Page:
6 min read 18 Dec 19
Summary: The cliched response to the UK election result was that Brexit uncertainty had been removed; this was what explained the immediate rally in Sterling and UK stocks, and a sell-off in Gilts. But only a couple of days later we found ourselves straight back in a world of volatility:
The gain in Sterling which had seemed so obvious given the election news was erased:
As was the 1.5% (or around two years’ worth of yield) in UK ten-year Gilts:
In reality, the only ‘certainty’ is the one that always exists: that markets will move on short-term noise. And, so long as Brexit remains an emotive tribal issue, many of these moves will be interpreted as the market’s verdict on the latest twists and turns in the Brexit saga.
Consider how many times we have read of Sterling ‘plunging‘, ‘tumbling’ or (less frequently) ‘surging’ over the last five years.
And yet it is hard to pick some of the biggest news stories out on a chart. In terms of the spot rate versus the US Dollar, a host of other factors have been far more significant than UK politics since the referendum, while the spot rate versus the Euro has been relatively stable:
On an even longer time scale moves in Sterling since the referendum itself actually look relatively muted:
And if we go back even further still, we can see the big shift in the currency volatility dynamic that has taken place:
We have discussed before how the global regime of benign inflation outcomes, more open economies, and shared policy making approaches have been part of an environment of far lower currency volatility than has existed in the past. And yet I suspect that many, if asked, would consider the environment for Sterling in the last four years to have been unusually volatile.
Yet, despite the fact that we can observe that a whole host of other factors can be more important than Brexit in the path of currencies (and other assets), and that many of the day to day moves which are presented as significant amount to little more than noise, there is still a powerful temptation to try to adopt a portfolio position to deal with this single issue.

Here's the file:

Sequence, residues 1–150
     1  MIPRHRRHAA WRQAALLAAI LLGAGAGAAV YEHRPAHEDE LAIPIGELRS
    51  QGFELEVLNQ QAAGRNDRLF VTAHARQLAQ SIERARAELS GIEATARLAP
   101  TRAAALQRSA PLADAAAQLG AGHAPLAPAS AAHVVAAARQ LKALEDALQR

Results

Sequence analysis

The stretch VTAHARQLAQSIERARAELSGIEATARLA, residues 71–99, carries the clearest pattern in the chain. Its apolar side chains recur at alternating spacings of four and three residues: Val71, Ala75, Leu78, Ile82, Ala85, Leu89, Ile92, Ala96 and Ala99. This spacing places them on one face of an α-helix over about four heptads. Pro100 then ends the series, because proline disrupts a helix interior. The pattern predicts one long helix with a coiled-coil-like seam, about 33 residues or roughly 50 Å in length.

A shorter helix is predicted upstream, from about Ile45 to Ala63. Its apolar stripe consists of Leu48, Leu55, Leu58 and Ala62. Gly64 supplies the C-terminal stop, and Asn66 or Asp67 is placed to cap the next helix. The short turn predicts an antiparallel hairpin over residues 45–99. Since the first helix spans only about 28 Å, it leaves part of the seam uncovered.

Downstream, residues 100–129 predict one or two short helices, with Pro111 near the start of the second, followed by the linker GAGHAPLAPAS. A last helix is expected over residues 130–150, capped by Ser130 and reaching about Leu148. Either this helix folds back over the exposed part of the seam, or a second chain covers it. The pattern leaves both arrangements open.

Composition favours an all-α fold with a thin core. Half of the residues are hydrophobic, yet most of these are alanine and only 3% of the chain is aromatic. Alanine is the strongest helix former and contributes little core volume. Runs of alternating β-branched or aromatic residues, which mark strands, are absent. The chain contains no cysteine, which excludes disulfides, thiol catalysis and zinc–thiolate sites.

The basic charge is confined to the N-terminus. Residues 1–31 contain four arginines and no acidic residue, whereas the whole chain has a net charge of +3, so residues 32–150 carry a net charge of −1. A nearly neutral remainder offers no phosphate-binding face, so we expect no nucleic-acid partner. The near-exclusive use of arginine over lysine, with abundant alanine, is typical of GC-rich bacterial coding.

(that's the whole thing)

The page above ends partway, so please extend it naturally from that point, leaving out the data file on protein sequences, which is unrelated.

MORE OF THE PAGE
Worse, we seek to hedge against the one risk that everyone is most aware of and is therefore most likely to already be priced in. Past posts have touched on the dangers some of these attempts to hedge have had, most recently in October (a post which also highlights the challenges of trying to read to much into short term price moves).
Of course currency moves can be significant, especially if exposures are large or time horizons are very short (which can amount to the same thing). However, for those who are not day traders it is better to acknowledge that uncertainty comes from a variety of sources, not just the ones in the news every day. Very often the only way to protect against such ‘known unknowns’ involves paying up for the privilege.
We all want comfort that someone knows what will happen on the most salient issues, or at least can remove the risks that keep us up at night. Unfortunately – as the last week has shown – uncertainty is never removed, even when we may think we have more clarity on ‘known unknowns.’
The value of investments will fluctuate, which will cause prices to fall as well as rise and you may not get back the original amount you invested. Past performance is not a guide to future performance.